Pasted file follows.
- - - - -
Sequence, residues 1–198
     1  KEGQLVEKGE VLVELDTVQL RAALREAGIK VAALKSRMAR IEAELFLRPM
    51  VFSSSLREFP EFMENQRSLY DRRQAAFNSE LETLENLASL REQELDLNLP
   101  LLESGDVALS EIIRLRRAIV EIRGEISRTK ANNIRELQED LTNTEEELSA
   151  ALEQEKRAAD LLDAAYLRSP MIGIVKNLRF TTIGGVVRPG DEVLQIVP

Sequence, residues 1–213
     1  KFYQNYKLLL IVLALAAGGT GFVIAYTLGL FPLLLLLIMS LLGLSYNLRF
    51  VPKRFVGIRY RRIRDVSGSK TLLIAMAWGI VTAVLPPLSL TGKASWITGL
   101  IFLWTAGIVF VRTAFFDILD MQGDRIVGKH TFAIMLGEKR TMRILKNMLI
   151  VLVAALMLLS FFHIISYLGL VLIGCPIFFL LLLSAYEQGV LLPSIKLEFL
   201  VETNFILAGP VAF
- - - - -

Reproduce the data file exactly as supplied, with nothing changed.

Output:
Sequence, residues 1–198
     1  KEGQLVEKGE VLVELDTVQL RAALREAGIK VAALKSRMAR IEAELFLRPM
    51  VFSSSLREFP EFMENQRSLY DRRQAAFNSE LETLENLASL REQELDLNLP
   101  LLESGDVALS EIIRLRRAIV EIRGEISRTK ANNIRELQED LTNTEEELSA
   151  ALEQEKRAAD LLDAAYLRSP MIGIVKNLRF TTIGGVVRPG DEVLQIVP

Sequence, residues 1–213
     1  KFYQNYKLLL IVLALAAGGT GFVIAYTLGL FPLLLLLIMS LLGLSYNLRF
    51  VPKRFVGIRY RRIRDVSGSK TLLIAMAWGI VTAVLPPLSL TGKASWITGL
   101  IFLWTAGIVF VRTAFFDILD MQGDRIVGKH TFAIMLGEKR TMRILKNMLI
   151  VLVAALMLLS FFHIISYLGL VLIGCPIFFL LLLSAYEQGV LLPSIKLEFL
   201  VETNFILAGP VAF